4.    The Blue Zone experiment in America involves 4 towns where up to 40% of people are participating in making a “healthier” environment that includes exercise, friendships, social belonging and reinforced food choices.   T or F

That is the premise.  That we need to change our whole environment.

5.   Participating in a faith community once a month appears to add time to your life.  T or F

Well, it may, but the data seems to be four times, and that adds from 4 to 14 years.



Reference:, Pall in APS, Thieme, Wikipedia, Science Direct

August 3, 2015

Ever heard of Nrf? (Nuclear factor erythroid derived) I bet you thought Nerfs were some blue cartoon character, or better yet, a foam ball with which you could play office basketball. Not so. Nrf 2 is a protein that is in every tissue in your body, waiting in your cells to be activated. It has a controlling protein that limits its activity until something bad comes along to activate it.   It then travels into your cell nucleus and turns on all the processes that protect your cell from damage by binding to the hARE (human Antioxidant Response Element) region of DNA.   hARE is the uber regulator of all antioxidant response systems in your cell.

With such activation, your cells turn on a very wide array of cell protection pathways. This places NRF smack dab in the middle of your fundamental cell protection mechanisms. Its breakdown logically follows as being central to many illnesses.   Free radicals floating around in your blood appear to be some of the strongest activators of the NRF system suggesting that oxidative stress plays a huge role in many illnesses: Metabolic syndrome, Autoimmune, inflammatory bowel, HIV, MS, epilepsy, chronic kidney disease, asthma, pulmonary fibrosis, sepsis, atherosclerosis.   With that, it logically follows that raising NRF will help treat many of those illnesses.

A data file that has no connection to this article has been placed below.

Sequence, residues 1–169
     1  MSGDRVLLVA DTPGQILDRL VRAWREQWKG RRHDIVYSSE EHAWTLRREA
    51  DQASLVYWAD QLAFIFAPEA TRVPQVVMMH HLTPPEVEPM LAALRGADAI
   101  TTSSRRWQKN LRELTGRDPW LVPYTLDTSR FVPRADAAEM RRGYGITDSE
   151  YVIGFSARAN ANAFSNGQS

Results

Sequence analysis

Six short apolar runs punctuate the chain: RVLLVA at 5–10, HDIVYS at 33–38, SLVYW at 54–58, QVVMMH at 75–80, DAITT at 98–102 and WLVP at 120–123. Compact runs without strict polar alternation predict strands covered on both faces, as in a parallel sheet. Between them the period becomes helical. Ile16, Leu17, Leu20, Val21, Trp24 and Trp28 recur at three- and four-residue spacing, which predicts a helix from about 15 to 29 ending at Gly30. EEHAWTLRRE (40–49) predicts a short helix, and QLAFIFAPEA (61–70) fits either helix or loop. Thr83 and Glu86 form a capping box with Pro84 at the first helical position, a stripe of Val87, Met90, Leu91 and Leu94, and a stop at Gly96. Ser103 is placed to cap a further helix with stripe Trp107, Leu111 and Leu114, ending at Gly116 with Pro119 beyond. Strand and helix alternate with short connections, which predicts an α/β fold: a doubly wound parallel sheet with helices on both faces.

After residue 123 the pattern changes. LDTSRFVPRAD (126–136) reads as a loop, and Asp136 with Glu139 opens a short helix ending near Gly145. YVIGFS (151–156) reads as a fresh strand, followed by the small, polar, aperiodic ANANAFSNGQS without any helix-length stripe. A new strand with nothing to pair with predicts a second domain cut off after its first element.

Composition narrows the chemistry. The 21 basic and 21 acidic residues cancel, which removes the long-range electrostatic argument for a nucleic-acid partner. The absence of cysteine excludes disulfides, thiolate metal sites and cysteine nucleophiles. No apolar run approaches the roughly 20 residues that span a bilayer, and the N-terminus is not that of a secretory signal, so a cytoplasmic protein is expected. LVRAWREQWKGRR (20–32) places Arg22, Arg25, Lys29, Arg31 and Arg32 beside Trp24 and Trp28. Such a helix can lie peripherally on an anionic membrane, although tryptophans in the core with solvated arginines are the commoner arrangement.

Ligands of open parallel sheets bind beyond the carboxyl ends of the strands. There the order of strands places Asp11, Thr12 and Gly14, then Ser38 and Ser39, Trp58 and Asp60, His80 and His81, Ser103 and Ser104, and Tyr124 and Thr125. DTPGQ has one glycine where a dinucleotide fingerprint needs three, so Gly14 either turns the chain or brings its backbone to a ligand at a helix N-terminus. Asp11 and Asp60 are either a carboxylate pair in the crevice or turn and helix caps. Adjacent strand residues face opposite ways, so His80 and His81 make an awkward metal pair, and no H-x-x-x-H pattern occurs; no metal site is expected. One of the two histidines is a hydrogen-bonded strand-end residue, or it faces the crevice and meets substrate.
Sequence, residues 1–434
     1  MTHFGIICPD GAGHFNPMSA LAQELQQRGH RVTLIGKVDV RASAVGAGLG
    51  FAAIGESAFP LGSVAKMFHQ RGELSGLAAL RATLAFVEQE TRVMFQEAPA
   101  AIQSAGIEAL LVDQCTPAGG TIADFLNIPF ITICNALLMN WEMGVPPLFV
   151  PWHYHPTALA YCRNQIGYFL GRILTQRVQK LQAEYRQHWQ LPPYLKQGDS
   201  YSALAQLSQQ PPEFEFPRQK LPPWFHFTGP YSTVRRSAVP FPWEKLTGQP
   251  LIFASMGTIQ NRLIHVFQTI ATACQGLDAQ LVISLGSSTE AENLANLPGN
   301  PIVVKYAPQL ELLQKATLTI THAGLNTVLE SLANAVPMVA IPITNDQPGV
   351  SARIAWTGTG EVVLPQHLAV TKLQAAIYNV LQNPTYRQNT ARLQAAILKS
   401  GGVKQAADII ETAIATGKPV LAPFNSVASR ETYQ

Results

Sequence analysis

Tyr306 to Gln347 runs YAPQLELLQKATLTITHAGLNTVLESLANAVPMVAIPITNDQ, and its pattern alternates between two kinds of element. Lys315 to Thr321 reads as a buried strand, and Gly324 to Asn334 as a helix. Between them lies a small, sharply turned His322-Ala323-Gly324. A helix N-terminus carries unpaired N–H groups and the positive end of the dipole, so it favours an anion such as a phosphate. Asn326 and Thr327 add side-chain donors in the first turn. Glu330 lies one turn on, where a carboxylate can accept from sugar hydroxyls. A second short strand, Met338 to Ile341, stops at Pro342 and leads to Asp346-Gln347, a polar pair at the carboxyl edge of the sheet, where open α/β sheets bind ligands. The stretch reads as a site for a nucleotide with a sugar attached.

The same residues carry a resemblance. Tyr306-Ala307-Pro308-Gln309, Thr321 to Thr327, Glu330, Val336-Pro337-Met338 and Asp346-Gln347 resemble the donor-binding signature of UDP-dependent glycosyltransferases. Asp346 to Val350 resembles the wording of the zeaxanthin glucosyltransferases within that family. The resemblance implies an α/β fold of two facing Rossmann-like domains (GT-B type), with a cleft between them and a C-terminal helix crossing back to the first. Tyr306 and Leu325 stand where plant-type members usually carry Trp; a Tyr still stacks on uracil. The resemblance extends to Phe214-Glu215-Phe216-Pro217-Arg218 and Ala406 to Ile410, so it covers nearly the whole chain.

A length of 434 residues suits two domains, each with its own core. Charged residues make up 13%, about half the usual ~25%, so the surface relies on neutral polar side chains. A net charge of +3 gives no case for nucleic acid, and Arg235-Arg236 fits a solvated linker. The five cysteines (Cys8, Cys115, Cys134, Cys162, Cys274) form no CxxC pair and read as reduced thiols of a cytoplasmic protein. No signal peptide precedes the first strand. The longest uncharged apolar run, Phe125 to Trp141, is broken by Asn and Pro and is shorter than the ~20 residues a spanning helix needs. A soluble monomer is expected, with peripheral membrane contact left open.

This is not to claim that NRF is your sole cell protective mechanism. Glutathione is also critical.   What is interesting is the link between the two.   Each of the three genes that encode for the production of the glutathione producing enzymes are individually activated by NRF. As is the gene that turns on glutathione reductase, the enzyme that converts used glutathione back into activated glutathione. As is the gene that turns on the 8 steps to make NADH, the energy source for glutathione. This makes NRF2 and glutathione closely integrated into a system that handles “oxidative stress”.